The Divine Romance and the Limits of Knowledge
This chapter talks, among other things, about the inner workings of the divine Trinity, our incorporation into the Triune God, the indwelling Spirit, the economical visitation of the Triune God to make an abode with us, and our eternal destiny. These are profound, mind-shattering truths that warrant much study.
But embedded within these verses is an elegantly simple application that may be easily overlooked because of familiarity- loving God.
Has loving God become banal?
Ba•nal (bə-năl′) adj. “Drearily commonplace and often predictable; trite.”
I admit that “personal relationship” has become a little trite and doesn’t quite convey all that is intended. Even devotionals seem more like a mastered art these days, more in the line of “we know what works.” But is a mastered technique for feeling close to God what it is all about? If that is our impression, then loving God has depreciated.
On the one hand, love can undergo reduction- God’s care for me or acceptance of me. We feel loved i.e. understood, accepted as is, taken care of, not abandoned or alone. On the other hand, love can undergo inflation- Christian zeal, intensity, labor, endurance. Both are necessary, but they are superstructures, add-ons, not the thing itself.
The Greek word for ‘love’ in John 14 is agape, which refers to the nature of God’s essence. God is agape (1 John 4:8). This Greek word appears 10 times in John chapter 14– v. 15, 21, 23, 24, 28, 31.
If we can unlock this word we will have access to everything in this chapter, everything in the Bible, and everything in God’s being.
Love Takes the Shortest Route
Love has a unique function in God’s purpose.
What e’er thou lovest, man,
That too become thou must;
God if thou lovest God,
Dust, if thou lovest dust…
To bring thee to thy God,
Love takes the shortest route;
The way which knowledge leads,
Is but a roundabout.
–3rd century hymn
Loving God is the catalyst in God’s purpose. Love operates in a realm inaccessible to knowledge. It activates, accelerates, and accomplishes God’s eternal purpose in our lives. It moves God out of the strictly objective and theological into the experiential and intimate.
“The love of God has been poured out in our hearts through the Holy Spirit, who has been given to us.” –Rom. 5:5
Love is not just our subjective response of affection. It is the transcendent God becoming subjective to us and penetrating our emotive core. If we keep in mind that “God IS love” then Romans 5:5 indicates that God has poured Himself into our heart. What could be more subjective than this?
As our love grows, it becomes an encompassing experience that pervades all other realms– heart, soul, mind, strength (Mark 12:30).
We imagine that love has as its object a person whom we can see lying down before our eyes, enclosed in a human body. Alas, it is the extension of that person to all the points in space and time which the person has occupied and will occupy. If we do not possess its contact with this or that place, this or that hour, we do not possess it.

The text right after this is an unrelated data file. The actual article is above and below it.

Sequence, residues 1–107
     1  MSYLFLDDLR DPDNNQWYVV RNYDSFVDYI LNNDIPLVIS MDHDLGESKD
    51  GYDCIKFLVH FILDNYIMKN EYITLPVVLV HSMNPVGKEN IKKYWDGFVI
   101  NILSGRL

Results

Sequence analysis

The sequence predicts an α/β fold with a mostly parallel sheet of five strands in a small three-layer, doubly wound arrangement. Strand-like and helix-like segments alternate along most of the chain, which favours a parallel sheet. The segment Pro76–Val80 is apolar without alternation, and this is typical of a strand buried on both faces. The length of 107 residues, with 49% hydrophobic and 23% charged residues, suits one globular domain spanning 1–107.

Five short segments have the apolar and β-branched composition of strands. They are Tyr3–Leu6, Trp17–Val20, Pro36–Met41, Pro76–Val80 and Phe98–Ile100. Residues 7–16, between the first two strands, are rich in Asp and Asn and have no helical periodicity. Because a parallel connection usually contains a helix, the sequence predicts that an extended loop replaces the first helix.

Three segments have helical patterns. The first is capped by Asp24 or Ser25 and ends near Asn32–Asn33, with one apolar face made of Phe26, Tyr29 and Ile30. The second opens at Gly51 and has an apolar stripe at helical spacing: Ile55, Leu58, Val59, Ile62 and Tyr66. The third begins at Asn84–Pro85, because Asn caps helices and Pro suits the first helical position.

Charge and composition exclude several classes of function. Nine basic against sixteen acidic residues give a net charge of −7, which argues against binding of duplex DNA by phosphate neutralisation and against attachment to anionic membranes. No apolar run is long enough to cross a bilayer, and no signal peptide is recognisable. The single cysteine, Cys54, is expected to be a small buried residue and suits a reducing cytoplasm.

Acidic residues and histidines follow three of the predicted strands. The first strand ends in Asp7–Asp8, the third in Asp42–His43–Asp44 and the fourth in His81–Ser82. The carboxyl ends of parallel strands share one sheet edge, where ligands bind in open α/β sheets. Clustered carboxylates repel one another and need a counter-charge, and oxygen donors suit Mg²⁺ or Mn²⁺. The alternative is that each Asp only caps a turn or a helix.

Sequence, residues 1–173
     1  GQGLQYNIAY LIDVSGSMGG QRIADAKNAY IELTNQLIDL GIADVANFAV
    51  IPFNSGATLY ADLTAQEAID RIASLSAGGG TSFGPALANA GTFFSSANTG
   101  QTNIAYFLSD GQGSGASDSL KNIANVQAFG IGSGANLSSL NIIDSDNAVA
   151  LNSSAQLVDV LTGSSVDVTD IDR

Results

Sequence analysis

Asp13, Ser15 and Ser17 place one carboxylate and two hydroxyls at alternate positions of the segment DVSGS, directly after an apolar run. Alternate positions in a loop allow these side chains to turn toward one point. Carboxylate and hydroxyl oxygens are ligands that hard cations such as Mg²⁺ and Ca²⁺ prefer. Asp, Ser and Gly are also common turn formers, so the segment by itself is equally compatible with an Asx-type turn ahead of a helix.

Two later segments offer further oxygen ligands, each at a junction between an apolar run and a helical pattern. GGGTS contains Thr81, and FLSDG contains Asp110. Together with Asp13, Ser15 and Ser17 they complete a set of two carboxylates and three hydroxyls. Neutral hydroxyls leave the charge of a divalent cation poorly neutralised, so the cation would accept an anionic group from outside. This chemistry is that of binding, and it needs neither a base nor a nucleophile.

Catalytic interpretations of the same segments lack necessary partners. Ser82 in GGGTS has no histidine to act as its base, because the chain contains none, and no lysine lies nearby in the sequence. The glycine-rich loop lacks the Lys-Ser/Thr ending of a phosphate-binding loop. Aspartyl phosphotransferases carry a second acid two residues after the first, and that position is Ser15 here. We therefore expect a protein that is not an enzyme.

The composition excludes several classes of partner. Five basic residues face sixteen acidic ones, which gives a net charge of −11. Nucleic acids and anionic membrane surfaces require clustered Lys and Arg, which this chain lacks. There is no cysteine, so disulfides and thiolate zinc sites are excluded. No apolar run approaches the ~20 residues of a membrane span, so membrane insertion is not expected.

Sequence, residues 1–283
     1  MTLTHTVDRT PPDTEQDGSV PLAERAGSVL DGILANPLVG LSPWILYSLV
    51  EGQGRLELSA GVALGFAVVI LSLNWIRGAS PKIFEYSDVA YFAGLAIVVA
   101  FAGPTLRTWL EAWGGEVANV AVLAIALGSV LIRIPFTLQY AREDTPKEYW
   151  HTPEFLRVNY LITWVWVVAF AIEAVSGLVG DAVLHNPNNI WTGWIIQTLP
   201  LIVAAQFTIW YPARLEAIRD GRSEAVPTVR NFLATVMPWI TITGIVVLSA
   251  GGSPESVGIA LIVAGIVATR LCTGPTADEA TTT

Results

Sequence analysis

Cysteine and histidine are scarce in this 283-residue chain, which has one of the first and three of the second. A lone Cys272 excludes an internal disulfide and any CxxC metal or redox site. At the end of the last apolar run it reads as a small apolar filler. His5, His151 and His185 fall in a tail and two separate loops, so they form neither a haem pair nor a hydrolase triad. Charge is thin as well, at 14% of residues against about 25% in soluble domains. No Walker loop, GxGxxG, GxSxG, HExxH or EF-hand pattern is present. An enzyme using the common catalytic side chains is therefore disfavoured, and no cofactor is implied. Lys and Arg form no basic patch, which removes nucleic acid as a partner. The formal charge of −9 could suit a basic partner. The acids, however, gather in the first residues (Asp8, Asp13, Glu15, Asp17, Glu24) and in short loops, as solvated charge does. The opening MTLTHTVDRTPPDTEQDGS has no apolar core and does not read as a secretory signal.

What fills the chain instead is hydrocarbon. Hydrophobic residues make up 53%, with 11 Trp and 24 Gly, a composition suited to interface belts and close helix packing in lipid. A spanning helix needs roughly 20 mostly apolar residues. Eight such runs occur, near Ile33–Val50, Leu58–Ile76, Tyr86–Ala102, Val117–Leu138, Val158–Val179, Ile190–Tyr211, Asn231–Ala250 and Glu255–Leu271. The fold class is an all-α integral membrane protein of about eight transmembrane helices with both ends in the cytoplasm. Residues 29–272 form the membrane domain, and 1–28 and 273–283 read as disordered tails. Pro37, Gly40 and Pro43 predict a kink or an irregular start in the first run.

For God to fully possess us and for us to fully possess God, this mutual romantic involvement (His love for us and our love for Him) must extend to all spatial-temporal points in our day. Thus, “nothing can separate us from the love of God” becomes “nothing can separate us from loving God.”
Loving God is the banner under which everything else in the Christian life occurs (S.S. 2:4). Everything else should become secondary, a by-product.
Work? Yes, but “there I will give you my love (S.S. 7:11-12).”
Labor? Yes, but “labor of love (1 Thes. 1:3).”
Keeping commandments? Yes, the first of which is “you shall love the Lord your God (Matt. 22:37-38).”
In these contexts, love is not mere sentimentality, but an access point into a holistic experience of the divine life.
However, I’ve observed a proclivity in college Christians in America for knowing and doing, but not loving (in the way I’ve described above of experiencing the divine life).
This is an old trick played on a new generation. The first temptation of man was to know something- Adam and Eve (Gen. 3:5). The second temptation was to do something- Cain (Gen. 4:3). With Adam and Eve, their lust for knowledge overthrew the sole divine mandate in the Garden of Eden. With Cain, his lust to do something for God was not restrained by the present divine revelation.
Ellen T. Charry calls this proclivity “a cognitive concupiscence in human nature.”
We obsess over knowing fully. If we can’t understand something we rationalize our way around it. “I think therefore I am” has become “I understand therefore it is.”
Again, I am all for learning, studying, processing, understanding. BUT there is a category of knowledge inaccessible to the intellect. Much in this category is a mystery to the natural mind preoccupied with knowing and suspicious towards experiencing.
“To know the knowledge-surpassing love of Christ.” –Eph. 3:19
“Things which eye has not seen and ear has not heard and which have not come up in man’s heart; things which God has prepared for those who love Him.” –1 Cor. 2:9
“Everyone who loves has been begotten of God and knows God.” –1 John 4:7
Aristotelian logic has its limits in the divine romance.
And if we put all our eggs in the knowledge basket, what will we do when knowledge is rendered useless (1 Cor. 13:8)? If we have not been advancing in the divine romance, we will amount to nothing.
For your Maker is your Husband. –Isa 54:5
After all, God is interested in a romance, not an eternal Bible study or charity project.
Posted on June 18, 2012, in Bible and tagged abiding in Christ, Christian life, Christianity, divine romance, experience of Christ, Gospel of John, Loving God, Marcel Proust, tree of knowledge. Bookmark the permalink. 27 Comments.